www.wendykwilliamson.com @bipolarwendy www.twobipolarchicks.com @2bipolarchicks

 

 

About the author
Wendy Williamson had her first manic episode while studying at Virginia Tech, eight weeks before graduation. It was then she was diagnosed with bipolar disorder type I. After being downsized from corporate America, Wendy wrote her memoir of honesty and hope entitled I’m Not Crazy Just Bipolar. She co-wrote her second book: Two Bipolar Chicks Guide to Survival: Tips for Living With Bipolar Disorder with author Honora Rose. Wendy writes for BPHope.com and The The Huffington Post. She has written for: BP Magazine, Bipolar Disorder for Dummies: 2nd Edition and The Two River Times. Her book has been reviewed by Publisher’s Weekly and National Alliance on Mental Illness’ The Advocate. Wendy is the founder of The Red Bank Writers Group and has been interviewed on over forty radio stations worldwide. Catch up with Wendy on Twitter and at her website.
18 Comments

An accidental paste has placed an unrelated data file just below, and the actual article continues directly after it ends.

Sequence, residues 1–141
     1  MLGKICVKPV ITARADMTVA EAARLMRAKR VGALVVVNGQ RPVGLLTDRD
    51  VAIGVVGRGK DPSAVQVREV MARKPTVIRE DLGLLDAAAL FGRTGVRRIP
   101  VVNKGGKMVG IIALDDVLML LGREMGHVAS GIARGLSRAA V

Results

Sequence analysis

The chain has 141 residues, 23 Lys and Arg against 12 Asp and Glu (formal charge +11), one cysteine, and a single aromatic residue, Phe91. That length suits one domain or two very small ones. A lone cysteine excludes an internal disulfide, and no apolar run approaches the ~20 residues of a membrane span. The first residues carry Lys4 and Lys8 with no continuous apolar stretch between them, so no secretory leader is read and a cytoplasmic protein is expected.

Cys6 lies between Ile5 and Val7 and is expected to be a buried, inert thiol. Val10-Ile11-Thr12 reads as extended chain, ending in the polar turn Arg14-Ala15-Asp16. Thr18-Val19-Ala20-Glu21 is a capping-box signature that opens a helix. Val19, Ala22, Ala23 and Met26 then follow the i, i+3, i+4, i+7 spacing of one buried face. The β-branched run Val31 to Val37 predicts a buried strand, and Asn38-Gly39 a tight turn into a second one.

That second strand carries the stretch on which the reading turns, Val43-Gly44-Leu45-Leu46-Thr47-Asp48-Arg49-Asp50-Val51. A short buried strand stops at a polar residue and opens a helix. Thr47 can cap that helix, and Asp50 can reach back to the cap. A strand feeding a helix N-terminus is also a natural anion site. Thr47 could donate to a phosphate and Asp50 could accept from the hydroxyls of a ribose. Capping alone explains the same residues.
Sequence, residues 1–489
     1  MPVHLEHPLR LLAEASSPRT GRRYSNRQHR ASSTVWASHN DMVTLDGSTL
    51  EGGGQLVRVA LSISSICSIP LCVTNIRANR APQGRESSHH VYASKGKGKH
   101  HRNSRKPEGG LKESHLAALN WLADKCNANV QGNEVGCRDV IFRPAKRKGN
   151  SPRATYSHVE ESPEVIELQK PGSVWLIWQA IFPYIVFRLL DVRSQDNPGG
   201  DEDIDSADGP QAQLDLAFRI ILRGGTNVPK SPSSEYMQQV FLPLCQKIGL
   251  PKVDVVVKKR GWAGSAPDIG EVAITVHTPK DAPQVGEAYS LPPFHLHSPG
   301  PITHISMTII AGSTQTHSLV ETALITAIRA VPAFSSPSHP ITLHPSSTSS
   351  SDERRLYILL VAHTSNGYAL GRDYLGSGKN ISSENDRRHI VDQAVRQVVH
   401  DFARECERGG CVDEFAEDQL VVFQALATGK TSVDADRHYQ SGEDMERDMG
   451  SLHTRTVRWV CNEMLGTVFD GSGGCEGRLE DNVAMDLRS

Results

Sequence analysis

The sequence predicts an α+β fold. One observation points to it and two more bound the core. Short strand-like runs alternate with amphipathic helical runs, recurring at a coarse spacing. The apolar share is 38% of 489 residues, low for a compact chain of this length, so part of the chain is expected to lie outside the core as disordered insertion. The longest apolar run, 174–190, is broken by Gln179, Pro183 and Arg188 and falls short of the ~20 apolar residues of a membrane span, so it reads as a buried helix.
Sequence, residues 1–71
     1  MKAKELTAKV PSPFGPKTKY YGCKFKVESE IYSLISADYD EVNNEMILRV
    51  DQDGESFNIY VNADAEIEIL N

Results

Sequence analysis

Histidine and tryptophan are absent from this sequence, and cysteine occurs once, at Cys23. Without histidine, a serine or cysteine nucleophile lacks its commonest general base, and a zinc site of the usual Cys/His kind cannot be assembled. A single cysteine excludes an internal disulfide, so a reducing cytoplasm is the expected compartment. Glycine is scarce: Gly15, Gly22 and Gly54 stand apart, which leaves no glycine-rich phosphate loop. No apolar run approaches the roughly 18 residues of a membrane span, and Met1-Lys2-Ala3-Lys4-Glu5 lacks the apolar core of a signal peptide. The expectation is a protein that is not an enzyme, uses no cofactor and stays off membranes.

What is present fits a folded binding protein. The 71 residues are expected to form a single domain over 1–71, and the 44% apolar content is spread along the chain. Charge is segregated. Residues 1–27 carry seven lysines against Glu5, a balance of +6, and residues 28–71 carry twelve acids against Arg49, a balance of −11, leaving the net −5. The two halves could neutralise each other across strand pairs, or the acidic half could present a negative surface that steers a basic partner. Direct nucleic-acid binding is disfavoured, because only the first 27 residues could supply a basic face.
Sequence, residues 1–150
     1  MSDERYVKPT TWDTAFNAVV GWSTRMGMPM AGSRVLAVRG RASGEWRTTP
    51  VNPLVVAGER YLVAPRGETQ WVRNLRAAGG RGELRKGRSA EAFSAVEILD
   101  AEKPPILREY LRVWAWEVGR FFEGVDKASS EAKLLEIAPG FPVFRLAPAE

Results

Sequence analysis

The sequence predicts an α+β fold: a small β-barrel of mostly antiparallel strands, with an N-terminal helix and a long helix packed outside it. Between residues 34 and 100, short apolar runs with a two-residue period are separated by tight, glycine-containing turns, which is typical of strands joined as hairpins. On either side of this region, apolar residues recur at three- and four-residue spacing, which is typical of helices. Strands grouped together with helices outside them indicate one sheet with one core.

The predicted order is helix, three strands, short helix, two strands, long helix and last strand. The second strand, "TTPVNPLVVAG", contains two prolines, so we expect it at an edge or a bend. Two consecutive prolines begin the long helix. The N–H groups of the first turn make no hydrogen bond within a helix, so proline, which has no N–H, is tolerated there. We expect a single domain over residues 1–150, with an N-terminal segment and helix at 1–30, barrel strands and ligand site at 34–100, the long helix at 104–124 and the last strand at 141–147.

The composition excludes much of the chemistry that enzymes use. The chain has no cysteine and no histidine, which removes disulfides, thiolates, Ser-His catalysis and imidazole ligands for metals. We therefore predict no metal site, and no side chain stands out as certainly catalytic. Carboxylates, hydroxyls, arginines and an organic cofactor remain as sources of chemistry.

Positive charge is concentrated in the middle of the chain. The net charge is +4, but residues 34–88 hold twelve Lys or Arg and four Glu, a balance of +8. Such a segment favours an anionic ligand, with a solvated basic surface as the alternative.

1. I was on Lithium and had insatiable thirst 24 hours a day, but it worked. I couldn’t handle the constant thirst and running to the bathroom, so I got on Depakote, which also stabilized my mood, but made me gain 80 pounds. I can’t remember everything I was on, but it’s been a lot. Now I’m off of mood stabilizers and on a low dose of Latuda and Geodon. My psychiatrist is so great. As I improved and made lifestyle changes, she was willing to taper me off some meds. I make good sleep, regular exercise, and healthy diet a priority. And regular exercise with a phenomenal personal trainer has made such a difference in my mood stability Since committing to a manageable workout routine in November (30 mins 3 times a week) I have rarely had to use Trazodone for sleep. I’ve lost 50 lbs and want to lose 40 more. I now often wake up before my alarm and make breakfast a priority. I may get down to only one med, and I’m optimistic about it, but realize there could come a time when I need more. I’m also regularly seeing a chiropractor and acupuncturist to help with back pain that kept me sedentary for so long. My mom has been a rock for me and I’m so blessed to have her stability. Life is so good and not a manic kind of good. A genuine peace even when things aren’t going my way. I’m just so grateful that I feel like a capable and valuable human being, and that my bipolar diagnosis no longer defines who I am. It is only a small part of me, as long as I make taking care of myself a priority. For a decade after my diagnosis, I felt like a victim of my disease. Something changed a year ago. I was sick and tired of being sick and tired. I was 32 and felt 65. My friends were married and starting families and I was the heaviest I had ever been. In high school I was a fairly decent athlete. It’s not about the number on the scale, but I knew I needed to treat myself better. I started telling myself positive affirmations, and if I couldn’t be positive, I found somebody who was uplifting. I cut off toxic people in my life and got down to a core group of support. I tried. To be a positive influence in other’s lives. Being defined by my diagnosis became less and less, and I was becoming a whole person. I see a therapist regularly to see if the problems that pop up are “normal” or need more attention. I feel like I’m getting my life back and can function like an adult now. I thought that would never be possible. And most importantly, I believe that my Higher Power wants me to have a full life. I don’t try to escape from painful experiences anymore. I walk through them with the help of others. I wish each of you many blessings and that the right people show up in your life to cheer you on. Medication is so challenging and requires so much patience to get right. Good luck luck and Godspeed.